Today, employers and their benefits advisors are starting to overcome this problem by aligning medical coverage, disability coverage, FMLA administration and the workers’ comp program.
Simply getting all of these operations to feed RTW data into one clear report can help.
When employers and brokers can see for themselves what worker retention and return-to-work programs are doing to control direct labor costs and increase productivity, they will pay attention.
What Could Employers Do Differently To Increase Return-To-Work Rates?
A Cornell University research team asked human resources and equal opportunity personnel at private employers about barriers that interfere with efforts to accommodate workers with disabilities.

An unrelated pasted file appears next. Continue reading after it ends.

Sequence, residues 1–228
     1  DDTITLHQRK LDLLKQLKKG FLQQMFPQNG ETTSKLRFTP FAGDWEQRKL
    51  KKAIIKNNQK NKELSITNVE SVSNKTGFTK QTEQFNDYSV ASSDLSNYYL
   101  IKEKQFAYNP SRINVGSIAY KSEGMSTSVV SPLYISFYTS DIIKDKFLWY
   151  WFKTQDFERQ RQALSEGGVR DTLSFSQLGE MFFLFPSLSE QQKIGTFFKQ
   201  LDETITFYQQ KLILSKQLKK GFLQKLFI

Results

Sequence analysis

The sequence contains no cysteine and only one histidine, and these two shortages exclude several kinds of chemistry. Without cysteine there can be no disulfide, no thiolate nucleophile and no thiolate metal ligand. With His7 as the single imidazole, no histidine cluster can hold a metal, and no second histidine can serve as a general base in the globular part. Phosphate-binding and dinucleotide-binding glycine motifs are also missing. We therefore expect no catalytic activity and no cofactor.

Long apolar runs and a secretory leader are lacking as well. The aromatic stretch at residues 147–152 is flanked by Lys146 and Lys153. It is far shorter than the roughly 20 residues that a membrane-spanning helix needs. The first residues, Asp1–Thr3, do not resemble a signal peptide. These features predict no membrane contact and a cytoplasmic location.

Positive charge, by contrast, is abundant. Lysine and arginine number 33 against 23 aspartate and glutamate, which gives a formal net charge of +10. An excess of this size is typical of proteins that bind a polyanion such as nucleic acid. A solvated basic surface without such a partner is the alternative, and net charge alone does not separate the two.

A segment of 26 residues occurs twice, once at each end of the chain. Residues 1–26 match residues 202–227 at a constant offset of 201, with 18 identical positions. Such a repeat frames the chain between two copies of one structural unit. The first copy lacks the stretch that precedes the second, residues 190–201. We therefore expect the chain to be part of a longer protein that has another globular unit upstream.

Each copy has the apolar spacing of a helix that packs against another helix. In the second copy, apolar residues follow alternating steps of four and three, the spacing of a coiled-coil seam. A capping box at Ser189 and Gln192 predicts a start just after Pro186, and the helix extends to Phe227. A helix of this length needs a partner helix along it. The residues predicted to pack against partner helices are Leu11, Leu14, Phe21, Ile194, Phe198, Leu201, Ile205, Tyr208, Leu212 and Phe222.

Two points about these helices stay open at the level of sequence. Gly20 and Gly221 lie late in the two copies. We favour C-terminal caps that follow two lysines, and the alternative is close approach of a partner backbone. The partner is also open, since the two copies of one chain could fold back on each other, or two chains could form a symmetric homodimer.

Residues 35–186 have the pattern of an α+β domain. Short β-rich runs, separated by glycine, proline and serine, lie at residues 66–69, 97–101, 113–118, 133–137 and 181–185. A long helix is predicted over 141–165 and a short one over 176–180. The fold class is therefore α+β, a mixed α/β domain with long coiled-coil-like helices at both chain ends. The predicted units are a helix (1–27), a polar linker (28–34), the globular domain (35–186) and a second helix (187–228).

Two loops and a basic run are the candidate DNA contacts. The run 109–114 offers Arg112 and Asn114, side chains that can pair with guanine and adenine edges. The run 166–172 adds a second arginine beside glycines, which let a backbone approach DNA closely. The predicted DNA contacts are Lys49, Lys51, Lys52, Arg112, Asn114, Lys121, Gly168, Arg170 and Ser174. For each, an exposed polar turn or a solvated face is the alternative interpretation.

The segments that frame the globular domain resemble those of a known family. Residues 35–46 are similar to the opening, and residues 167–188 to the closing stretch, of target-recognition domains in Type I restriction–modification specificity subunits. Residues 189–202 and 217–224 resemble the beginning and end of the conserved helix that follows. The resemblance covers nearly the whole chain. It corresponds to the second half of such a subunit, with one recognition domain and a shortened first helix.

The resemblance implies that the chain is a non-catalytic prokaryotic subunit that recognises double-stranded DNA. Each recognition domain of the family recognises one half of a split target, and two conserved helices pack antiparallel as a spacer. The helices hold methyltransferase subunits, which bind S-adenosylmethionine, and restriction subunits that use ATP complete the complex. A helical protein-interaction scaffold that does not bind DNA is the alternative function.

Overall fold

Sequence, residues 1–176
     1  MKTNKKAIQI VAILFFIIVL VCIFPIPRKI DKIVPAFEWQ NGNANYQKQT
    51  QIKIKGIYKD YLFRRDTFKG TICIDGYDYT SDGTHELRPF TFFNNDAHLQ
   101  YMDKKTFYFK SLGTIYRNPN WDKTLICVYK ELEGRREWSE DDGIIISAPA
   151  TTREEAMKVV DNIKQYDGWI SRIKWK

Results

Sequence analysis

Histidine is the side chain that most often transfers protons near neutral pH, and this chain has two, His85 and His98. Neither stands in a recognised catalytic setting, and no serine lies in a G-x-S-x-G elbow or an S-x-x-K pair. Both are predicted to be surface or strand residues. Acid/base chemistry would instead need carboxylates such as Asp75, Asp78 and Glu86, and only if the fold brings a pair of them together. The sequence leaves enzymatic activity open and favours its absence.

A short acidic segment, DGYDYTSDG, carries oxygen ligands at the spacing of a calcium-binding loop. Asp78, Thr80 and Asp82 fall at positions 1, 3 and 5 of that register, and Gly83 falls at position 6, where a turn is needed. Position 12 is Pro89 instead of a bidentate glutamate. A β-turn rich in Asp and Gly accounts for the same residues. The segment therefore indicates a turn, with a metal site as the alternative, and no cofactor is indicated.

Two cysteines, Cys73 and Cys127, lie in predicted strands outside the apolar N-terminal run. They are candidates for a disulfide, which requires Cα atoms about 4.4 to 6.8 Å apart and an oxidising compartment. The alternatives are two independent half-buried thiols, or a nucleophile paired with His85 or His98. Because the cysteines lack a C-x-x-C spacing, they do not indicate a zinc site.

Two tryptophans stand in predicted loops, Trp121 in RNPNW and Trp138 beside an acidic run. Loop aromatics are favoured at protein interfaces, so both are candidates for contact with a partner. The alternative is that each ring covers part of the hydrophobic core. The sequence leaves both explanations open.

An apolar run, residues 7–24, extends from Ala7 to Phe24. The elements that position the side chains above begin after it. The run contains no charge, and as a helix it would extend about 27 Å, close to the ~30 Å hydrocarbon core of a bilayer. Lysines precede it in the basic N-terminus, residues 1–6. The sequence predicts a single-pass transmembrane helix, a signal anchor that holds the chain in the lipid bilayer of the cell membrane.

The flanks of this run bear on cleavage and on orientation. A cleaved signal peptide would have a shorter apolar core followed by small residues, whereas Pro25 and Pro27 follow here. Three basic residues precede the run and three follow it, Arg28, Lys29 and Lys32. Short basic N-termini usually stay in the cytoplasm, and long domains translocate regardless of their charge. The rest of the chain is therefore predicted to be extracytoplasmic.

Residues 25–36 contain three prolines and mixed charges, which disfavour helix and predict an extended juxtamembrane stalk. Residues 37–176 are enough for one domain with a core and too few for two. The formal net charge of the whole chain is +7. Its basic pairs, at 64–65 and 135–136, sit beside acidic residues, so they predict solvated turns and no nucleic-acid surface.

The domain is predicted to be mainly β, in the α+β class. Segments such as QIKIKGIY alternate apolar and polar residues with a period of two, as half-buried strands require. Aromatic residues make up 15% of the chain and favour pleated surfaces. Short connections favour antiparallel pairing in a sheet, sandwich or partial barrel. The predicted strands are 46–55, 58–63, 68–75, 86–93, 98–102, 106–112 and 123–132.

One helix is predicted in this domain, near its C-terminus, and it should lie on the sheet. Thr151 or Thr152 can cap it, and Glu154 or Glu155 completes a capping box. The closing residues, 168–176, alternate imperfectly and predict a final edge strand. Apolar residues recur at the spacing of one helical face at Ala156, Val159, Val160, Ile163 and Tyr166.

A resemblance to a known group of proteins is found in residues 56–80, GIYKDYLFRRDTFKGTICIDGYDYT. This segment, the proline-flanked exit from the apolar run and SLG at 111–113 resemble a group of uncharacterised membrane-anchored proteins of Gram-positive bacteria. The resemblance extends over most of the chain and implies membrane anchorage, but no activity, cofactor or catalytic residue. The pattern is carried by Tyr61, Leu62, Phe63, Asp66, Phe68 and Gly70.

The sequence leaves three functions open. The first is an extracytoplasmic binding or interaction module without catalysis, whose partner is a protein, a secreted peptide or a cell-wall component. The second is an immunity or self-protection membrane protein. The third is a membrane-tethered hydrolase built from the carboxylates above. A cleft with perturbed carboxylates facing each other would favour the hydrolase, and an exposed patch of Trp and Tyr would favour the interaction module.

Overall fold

% Of Participants Who Cited Reason As A Problem
Changing supervisors’ or co-workers’ attitudes
Modifying return-to-work policy
Creating flexibility in performance management systems
Change in leave policy
Adjusting medical policies
Source: “Disability Employment Policies and Practices in Private and Federal Sector Organizations,” Susanne M. Bruyere, March 2000, Cornell University, Program on Employment and Disability, School of Industrial and Labor Relations, Extension Division